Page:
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This is What Millennials Need to Hear: J. Cole “KOD” Album Review

Album cover for “KOD”, shows a very dreamy picture of multiple kids doing different drugs such as smoking marijuana, snorting cocaine, and taking pills. All of this is the general theme of the album, and what J. Cole is advocating against.

Photo via iTunes

Album cover for “KOD”, shows a very dreamy picture of multiple kids doing different drugs such as smoking marijuana, snorting cocaine, and taking pills. All of this is the general theme of the album, and what J. Cole is advocating against.

Alexander Estes, Staff Writer

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After almost two years, rapper/singer J. Cole has finally released a new album by surprise, “KOD”. There was no talk or reveal leading up to this, except several days before the release he tweeted out “New Album. KOD 4/20.” He also said that there were two meanings to this album, “Kids On Drugs, King Overdosed, and Kill Our Demons. Clearly from the album’s artwork, which is beautiful, people interpreted that this album would definitely be a much more different album than the rest of his. It shows J. Cole (or “kiLL edward,” which will be explained later), and a bunch of kids on drugs such as marijuana, pills, cocaine, etc. This album’s main purpose was to show his view on addiction and drugs, and he does so in many great ways, but at times fails to grasp the bigger picture of what he is trying to portray.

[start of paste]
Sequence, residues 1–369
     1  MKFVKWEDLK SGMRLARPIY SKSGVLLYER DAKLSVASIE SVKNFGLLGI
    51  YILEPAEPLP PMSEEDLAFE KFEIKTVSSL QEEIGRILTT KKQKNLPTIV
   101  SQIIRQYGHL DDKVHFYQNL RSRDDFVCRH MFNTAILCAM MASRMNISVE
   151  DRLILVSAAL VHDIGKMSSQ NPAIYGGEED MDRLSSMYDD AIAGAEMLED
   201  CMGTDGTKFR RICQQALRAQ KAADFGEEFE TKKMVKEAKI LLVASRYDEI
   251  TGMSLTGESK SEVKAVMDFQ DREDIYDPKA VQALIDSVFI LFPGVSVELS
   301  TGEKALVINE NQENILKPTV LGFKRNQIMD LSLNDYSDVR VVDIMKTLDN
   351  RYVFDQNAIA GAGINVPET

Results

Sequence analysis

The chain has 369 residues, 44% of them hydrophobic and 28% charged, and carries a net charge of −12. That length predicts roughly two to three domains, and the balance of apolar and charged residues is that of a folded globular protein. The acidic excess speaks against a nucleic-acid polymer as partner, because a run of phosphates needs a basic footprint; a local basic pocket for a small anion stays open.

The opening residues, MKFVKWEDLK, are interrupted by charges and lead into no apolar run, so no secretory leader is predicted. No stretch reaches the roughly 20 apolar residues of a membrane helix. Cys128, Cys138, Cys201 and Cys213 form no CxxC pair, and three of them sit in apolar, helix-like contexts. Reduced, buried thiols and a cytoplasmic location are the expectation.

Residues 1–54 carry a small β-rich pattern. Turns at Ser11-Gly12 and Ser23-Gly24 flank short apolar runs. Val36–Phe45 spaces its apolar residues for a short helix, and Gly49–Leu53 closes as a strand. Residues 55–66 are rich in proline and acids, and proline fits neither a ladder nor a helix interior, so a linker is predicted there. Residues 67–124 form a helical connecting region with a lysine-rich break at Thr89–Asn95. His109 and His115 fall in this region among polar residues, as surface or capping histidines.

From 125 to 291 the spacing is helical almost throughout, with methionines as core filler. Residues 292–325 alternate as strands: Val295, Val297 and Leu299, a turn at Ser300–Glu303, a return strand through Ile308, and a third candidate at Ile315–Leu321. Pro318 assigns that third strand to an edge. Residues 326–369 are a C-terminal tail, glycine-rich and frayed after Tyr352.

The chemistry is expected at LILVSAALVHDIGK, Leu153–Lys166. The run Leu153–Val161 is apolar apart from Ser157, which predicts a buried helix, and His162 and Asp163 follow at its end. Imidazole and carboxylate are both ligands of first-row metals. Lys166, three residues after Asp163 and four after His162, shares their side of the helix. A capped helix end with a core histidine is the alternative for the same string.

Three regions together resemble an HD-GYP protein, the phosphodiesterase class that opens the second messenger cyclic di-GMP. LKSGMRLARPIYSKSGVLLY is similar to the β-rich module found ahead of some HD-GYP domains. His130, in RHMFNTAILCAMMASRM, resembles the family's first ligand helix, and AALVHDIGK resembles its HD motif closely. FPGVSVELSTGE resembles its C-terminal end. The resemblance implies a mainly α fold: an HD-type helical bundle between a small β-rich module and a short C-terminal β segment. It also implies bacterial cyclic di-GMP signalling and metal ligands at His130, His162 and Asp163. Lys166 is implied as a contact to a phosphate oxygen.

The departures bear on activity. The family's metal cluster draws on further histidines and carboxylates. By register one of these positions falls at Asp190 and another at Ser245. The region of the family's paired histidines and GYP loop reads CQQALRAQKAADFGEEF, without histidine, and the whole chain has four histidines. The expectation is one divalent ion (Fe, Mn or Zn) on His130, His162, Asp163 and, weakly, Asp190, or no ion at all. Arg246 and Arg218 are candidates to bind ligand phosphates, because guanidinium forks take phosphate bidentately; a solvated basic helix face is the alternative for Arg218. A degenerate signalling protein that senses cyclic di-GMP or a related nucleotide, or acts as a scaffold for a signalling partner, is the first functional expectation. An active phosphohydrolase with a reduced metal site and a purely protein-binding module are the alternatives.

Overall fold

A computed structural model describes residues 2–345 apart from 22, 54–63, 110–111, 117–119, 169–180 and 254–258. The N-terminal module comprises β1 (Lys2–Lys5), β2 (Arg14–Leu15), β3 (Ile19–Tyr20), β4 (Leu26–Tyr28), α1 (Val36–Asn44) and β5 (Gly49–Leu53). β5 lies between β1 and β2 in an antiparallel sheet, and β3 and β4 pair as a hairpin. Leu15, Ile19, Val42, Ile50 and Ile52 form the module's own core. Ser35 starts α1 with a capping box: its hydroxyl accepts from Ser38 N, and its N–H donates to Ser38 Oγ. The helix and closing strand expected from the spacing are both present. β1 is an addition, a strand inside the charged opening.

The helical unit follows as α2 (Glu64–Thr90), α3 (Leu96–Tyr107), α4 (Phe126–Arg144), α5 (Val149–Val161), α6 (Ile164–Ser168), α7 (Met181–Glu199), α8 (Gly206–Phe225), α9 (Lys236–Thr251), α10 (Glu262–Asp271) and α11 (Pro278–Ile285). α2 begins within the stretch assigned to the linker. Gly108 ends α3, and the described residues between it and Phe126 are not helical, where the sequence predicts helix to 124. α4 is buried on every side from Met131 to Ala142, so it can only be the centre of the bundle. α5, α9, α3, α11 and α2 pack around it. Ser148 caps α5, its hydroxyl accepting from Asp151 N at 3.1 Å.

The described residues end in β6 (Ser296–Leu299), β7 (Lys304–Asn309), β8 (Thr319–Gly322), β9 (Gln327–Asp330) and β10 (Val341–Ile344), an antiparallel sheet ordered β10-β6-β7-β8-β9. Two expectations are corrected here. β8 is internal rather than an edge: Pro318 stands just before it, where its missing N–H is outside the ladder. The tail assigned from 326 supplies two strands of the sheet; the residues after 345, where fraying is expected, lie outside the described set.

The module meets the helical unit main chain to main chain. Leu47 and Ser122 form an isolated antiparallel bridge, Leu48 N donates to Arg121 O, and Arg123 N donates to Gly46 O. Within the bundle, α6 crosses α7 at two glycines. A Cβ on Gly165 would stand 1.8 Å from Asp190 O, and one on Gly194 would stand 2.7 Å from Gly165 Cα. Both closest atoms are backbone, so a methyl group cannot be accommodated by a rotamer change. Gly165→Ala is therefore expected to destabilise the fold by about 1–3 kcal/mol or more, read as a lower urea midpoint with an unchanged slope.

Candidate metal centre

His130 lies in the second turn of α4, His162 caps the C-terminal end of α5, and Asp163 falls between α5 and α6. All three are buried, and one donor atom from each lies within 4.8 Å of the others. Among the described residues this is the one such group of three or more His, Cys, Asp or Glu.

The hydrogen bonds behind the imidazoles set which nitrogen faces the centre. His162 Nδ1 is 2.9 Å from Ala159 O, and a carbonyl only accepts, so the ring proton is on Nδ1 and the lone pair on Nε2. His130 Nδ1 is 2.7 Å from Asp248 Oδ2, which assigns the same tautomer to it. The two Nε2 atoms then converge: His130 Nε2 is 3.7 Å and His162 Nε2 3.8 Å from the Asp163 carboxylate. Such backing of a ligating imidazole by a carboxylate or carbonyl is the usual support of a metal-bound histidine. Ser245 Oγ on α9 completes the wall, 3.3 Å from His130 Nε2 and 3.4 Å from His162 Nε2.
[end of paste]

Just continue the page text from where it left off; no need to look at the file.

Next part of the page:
The album starts off with an introduction track, with a jazzy, cloudy environmental music, and a female narrator talking about pain and ways to deal with it, and to “choose wisely.” After this it transitions into one of the biggest bangers on the album, self-titled “KOD”. This is a strong track that has many memorable lines including where he talks about features, which he is infamous for having albums without features, says “How come you won’t get a few features? I think you should? How ‘bout I don’t.” Other of the bangers on this album are really good, including “ATM” and “Motiv8,” and if you ever want to check it out, the music video for “ATM” is pretty fantastic and has a cool Dr. Seuss feel to it.

One of the more talked about things about this album is that oddly enough, there are two features; one from somebody named “kiLL edward”. Which everybody figured out, is just J Cole. with a deeper voice. A day before the album was released, an artist named “kiLL edward” released a track called “Tidal Wave (just a little reference)”, which was a simple track and where we clearly notice that he is actually J, Cole. Both of the tracks that he is on are actually a few of my favorite tracks on the album, “Cut Off”, and “FRIENDS”. Both of these have kiLL edward singing the chorus while Cole raps along the track. Throughout the album he does sings a lot  about drugs and addiction, and on “FRIENDS” he has a part near the end where there is a build up to where he says, “I understand this message is not the coolest to say, But if you down to try it I know of a better way. Meditate.”